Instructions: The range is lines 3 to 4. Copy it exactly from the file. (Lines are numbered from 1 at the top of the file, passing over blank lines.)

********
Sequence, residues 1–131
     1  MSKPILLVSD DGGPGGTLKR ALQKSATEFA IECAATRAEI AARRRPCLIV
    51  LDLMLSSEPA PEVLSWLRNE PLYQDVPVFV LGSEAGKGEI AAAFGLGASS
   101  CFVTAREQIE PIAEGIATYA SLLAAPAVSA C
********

    51  LDLMLSSEPA PEVLSWLRNE PLYQDVPVFV LGSEAGKGEI AAAFGLGASS
   101  CFVTAREQIE PIAEGIATYA SLLAAPAVSA C